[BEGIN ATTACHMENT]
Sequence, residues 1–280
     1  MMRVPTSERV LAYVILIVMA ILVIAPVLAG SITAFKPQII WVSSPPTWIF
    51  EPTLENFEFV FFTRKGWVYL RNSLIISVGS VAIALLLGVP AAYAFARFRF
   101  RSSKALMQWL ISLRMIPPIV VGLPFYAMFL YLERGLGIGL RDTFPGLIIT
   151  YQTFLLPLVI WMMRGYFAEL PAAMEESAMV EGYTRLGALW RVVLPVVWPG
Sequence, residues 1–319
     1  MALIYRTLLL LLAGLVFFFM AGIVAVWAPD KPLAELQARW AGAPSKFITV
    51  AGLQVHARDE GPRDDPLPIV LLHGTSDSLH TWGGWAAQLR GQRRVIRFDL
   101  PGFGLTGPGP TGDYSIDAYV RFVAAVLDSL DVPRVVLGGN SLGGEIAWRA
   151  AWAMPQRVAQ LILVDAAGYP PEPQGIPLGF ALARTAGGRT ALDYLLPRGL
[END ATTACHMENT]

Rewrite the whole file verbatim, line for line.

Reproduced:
Sequence, residues 1–280
     1  MMRVPTSERV LAYVILIVMA ILVIAPVLAG SITAFKPQII WVSSPPTWIF
    51  EPTLENFEFV FFTRKGWVYL RNSLIISVGS VAIALLLGVP AAYAFARFRF
   101  RSSKALMQWL ISLRMIPPIV VGLPFYAMFL YLERGLGIGL RDTFPGLIIT
   151  YQTFLLPLVI WMMRGYFAEL PAAMEESAMV EGYTRLGALW RVVLPVVWPG
Sequence, residues 1–319
     1  MALIYRTLLL LLAGLVFFFM AGIVAVWAPD KPLAELQARW AGAPSKFITV
    51  AGLQVHARDE GPRDDPLPIV LLHGTSDSLH TWGGWAAQLR GQRRVIRFDL
   101  PGFGLTGPGP TGDYSIDAYV RFVAAVLDSL DVPRVVLGGN SLGGEIAWRA
   151  AWAMPQRVAQ LILVDAAGYP PEPQGIPLGF ALARTAGGRT ALDYLLPRGL